WASHINGTON — President Joe Biden signed an executive order Wednesday aimed at strengthening U.S. cybersecurity defenses, a move that follows a series of sweeping cyberattacks on private companies and federal government networks over the past year.
The action comes as Colonial Pipeline continues to grapple with a crippling ransomware attack, which has led to widespread fuel shortages along the East Coast and prompted an all-of-government response.
The Colonial Pipeline hack is only the latest example of criminal groups or state actors exploiting U.S. cyber vulnerabilities. Last year, software from the IT company SolarWinds was breached, allowing hackers to gain access to communications and data in several government agencies.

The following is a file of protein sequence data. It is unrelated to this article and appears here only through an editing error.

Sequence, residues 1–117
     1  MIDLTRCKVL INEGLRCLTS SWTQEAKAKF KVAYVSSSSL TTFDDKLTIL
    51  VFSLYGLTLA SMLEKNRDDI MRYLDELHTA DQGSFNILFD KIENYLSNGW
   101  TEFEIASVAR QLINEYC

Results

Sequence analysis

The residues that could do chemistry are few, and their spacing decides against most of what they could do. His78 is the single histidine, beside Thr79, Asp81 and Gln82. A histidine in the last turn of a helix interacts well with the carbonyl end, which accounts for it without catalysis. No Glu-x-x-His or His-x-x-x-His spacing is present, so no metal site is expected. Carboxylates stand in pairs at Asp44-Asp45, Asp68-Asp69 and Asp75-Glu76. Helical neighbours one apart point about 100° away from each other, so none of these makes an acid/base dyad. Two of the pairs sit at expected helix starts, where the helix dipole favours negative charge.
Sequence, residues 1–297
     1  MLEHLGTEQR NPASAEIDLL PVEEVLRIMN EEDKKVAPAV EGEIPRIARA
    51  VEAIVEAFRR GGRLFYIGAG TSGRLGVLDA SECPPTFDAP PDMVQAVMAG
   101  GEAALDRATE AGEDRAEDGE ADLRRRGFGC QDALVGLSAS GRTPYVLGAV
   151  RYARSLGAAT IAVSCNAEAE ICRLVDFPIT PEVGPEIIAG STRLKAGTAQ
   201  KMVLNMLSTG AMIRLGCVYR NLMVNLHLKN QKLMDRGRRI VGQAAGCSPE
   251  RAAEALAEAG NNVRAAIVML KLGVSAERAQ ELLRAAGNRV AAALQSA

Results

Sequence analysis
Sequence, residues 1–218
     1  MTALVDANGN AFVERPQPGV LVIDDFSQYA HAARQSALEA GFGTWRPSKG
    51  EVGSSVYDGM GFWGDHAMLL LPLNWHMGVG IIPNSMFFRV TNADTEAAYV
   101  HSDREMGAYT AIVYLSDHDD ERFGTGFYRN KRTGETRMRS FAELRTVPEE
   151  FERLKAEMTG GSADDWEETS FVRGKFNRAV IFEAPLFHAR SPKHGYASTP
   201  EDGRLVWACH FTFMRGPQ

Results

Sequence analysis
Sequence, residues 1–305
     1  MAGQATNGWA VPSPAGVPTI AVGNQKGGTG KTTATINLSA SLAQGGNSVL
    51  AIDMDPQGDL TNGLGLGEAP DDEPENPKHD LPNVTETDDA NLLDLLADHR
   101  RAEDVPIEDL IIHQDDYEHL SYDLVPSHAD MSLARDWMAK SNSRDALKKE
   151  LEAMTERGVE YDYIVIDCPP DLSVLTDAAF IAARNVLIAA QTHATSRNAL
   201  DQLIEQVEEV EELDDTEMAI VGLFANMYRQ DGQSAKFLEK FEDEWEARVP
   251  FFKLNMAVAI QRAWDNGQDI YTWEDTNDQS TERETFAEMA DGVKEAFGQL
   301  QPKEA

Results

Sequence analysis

The president’s executive order calls for the federal government and private sector to partner to confront “persistent and increasingly sophisticated malicious cyber campaigns” that threaten U.S. security.
Biden’s executive order takes a number of steps aimed at modernizing the nation’s cybersecurity:
- Requires IT service providers to tell the government about cybersecurity breaches that could impact U.S. networks, and removes certain contractual barriers that might stop providers from flagging breaches.
- Creates a standardized playbook and set of definitions for federal responses to cyber incidents.
- Pushes the federal government toward upgrading to secure cloud services and other cyber infrastructure, and mandates deployment of multifactor authentication and encryption with a specific time period.
- Improves security of software sold to the government, including by making developers share certain security data publicly.